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WOMEN OF VALUE

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WOMEN OF VALUE

Feminist Essays on the History of Women in Economics

9781852789596 Edward Elgar Publishing
Edited by Mary Ann Dimand, taught at Albion College, US, Robert W. Dimand, Professor of Economics, Brock University, Canada and Evelyn L. Forget, Professor of Economics, Faculty of Medicine, University of Manitoba, Canada
Publication Date: January 1995 ISBN: 978 1 85278 959 6 Extent: 240 pp
Women of Value seeks to better understand the lives and work of the women who helped to build the economics profession. A number of these papers focus on the sociology of the economics discipline including the failure to cite the work of women economists, graduate work by women and the personal networks among women economists in the pre-war period. It also includes a personal memoir of the experience of one female graduate student studying in the 1930s. Later papers focus on specific women economists including Jane Marcet, Harriet Martineau, Harriet Taylor, Barbara Bodichon, Charlotte Perkins Gilman and Mary Paley Marshall. The final chapter in the book looks at two studies of the role of women in industry carried out in the early twentieth century.

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Critical Acclaim
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Women economists rarely feature in most textbooks on the history of economic thought before 1960, despite the many articles and theses produced by them in the period. Why is their work so little studied? What did they write about? Who listened to them, supported them or hindered them?

Women of Value seeks to better understand the lives and work of the women who helped to build the economics profession. A number of these papers focus on the sociology of the economics discipline including the failure to cite the work of women economists, graduate work by women and the personal networks among women economists in the pre-war period. It also includes a personal memoir of the experience of one female graduate student studying in the 1930s. Later papers focus on specific women economists including Jane Marcet, Harriet Martineau, Harriet Taylor, Barbara Bodichon, Charlotte Perkins Gilman and Mary Paley Marshall. The final chapter in the book looks at two studies of the role of women in industry carried out in the early twentieth century.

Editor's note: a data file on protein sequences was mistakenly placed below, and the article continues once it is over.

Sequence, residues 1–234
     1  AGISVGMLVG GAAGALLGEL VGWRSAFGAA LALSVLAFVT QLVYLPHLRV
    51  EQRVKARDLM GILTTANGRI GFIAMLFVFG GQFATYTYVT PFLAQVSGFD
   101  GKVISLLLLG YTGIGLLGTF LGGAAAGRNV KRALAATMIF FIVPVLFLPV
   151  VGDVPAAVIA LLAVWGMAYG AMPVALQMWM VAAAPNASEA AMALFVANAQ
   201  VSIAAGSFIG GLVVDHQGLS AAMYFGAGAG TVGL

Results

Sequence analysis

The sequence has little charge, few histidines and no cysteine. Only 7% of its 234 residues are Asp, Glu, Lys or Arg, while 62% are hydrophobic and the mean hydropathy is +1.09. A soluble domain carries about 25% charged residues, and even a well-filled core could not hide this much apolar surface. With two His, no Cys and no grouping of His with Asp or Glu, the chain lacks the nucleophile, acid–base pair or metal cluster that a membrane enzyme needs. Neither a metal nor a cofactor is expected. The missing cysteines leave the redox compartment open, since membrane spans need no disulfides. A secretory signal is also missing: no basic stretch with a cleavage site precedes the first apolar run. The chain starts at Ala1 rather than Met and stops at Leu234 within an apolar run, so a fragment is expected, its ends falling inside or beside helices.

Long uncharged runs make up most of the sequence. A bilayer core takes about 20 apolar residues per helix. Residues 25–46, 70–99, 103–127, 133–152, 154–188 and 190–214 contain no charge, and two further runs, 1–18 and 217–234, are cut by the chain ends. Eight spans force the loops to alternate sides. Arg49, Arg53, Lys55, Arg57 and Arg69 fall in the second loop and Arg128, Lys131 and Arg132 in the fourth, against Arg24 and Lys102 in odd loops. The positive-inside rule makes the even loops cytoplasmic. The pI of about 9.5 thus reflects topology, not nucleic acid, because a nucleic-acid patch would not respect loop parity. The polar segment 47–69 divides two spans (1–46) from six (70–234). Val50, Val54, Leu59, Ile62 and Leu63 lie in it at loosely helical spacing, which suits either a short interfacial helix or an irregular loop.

Women of Value reassesses the role of women economists by using biographical research to augment the standard tools of historical and bibliographical work. Combining intellectual rigour with biographical insights into the lives and experience of many determined and courageous women economists, this volume will be welcomed by historians of economic thought, feminist economists and and the those with an interest in women’s history.
Critical Acclaim
‘This book honours the women pioneers.’
– Deidre McCloskey, The Times Higher Education Supplement

‘. . .Women of Value, should be essential reading for women studies courses which address the issue of women in the social sciences.’
– Peter Groenewegen, History of Economics Review

‘. . . this volume does provide a wealth of information. . . . Women of Value will be consulted frequently by feminist economists and historians of economic thought, Graduate, faculty.’
– D. Lindstrom, Choice

‘Women of Value is a fascinating contribution to a growing literature which argues that the received economics canon is a gendered construct. This collection of essays will surely inspire. . .’
– Vivienne Brown, The Manchester School
Contributors
Contributors: M.A. Dimand, R.W. Dimand, E.L. Forget, J.P. Henderson, R. McWilliams Tullberg, B. Polkinghorn, M. Pujol, W.D. Sockwell, A. Comish Thorne
Contents
Contents: Introduction 1. The Neglect of Women’s Contributions to Economics 2. American Women Economists, 1900–1940: Doctoral Dissertations and Research Specialization 3. Networks of Women Economists Before 1940 4. Women Mentoring Women in Economics in the 1930s 5. Jane Marcet and Harriet Martineau: Motive, Market Experience and Reception of their Works Popularizing Classical Political Economy 6. The Feminist Economic Thought of Harriet Taylor (1807–58) 7. Barbara Bodichon and the Women of Langham Place 8. The Economics of Charlotte Perkins Gilman 9. Mary Paley Marshall, 1850–1944 10. Women’s Wage Rates and Total Earnings: Two Early ‘Scientific’ Studies Index
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